I want to say that Ouyang Yu plays with language, but he doesn’t: what he does is recognise that language plays with us. This digressive, almost hallucinatory narrative unites Ouyang Yu’s abiding obsessions: identity, history, cultural hypocrisy, race, the nature of storytelling. How do we approach a story as loose as life – one that will honour the messiness of life lived in what cannot help being both its first and final draft? All the Rivers Run South is about the work of addressing oneself to history, to a history that cannot be told in one way (something which might also be said of Ouyang Yu’s own work). It recalls something Javier Marías said about fiction that in it, material truer than history is made available to us. The author creates history, giving us life as it is lived, and the struggle to make sense of that – as personal history, as geopolitical history – while remaining open to serendipity and to the death, figurative as well as literal, of the author, constituting history’s only guaranteed warrant. Ouyang Yu provides comfort for the afflicted and afflicts the comfortable. All the Rivers Run South is a salve and salvo for anyone who has ever thought, with Calderón, that “man’s greatest crime is to be born.”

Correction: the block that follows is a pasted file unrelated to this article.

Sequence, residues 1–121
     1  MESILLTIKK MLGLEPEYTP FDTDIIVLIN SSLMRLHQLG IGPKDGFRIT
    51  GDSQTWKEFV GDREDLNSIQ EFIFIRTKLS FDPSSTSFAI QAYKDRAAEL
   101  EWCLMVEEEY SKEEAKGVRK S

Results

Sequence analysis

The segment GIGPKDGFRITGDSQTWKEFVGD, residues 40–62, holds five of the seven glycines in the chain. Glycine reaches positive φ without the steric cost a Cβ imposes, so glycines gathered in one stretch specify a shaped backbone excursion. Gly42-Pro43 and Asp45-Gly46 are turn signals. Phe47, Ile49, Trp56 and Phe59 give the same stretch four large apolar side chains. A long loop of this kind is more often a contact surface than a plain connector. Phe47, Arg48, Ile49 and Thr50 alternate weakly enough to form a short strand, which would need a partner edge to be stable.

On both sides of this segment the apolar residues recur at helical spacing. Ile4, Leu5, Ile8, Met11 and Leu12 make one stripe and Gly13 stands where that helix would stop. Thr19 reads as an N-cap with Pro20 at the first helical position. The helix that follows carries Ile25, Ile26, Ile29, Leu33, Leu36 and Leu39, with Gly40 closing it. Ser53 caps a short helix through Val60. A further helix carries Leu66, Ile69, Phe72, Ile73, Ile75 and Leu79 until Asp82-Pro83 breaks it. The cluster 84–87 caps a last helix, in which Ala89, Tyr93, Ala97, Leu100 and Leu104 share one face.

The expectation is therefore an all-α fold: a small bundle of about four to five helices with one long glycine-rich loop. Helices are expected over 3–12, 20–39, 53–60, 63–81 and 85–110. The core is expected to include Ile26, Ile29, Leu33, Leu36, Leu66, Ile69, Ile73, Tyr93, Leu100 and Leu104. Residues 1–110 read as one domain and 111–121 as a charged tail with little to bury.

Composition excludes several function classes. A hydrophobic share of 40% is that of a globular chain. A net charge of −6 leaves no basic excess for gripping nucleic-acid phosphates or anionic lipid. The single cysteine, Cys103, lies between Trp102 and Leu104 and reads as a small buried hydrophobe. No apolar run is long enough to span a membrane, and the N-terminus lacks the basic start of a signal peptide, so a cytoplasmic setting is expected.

During the past thirty years the award winning writer Ouyang Yu has created the most challenging and innovative body of work this country has ever seen. The powerful energy of his genius, the rich stream of ideas and innovation in his poetry and novels, and in his essays and translations is evident in everything he writes, and never more so than in his enthralling new novel, All the Rivers Run South. For those interested in the exchange of ideas between Chinese and Australian culture, familiarity with Ouyang’s work is essential.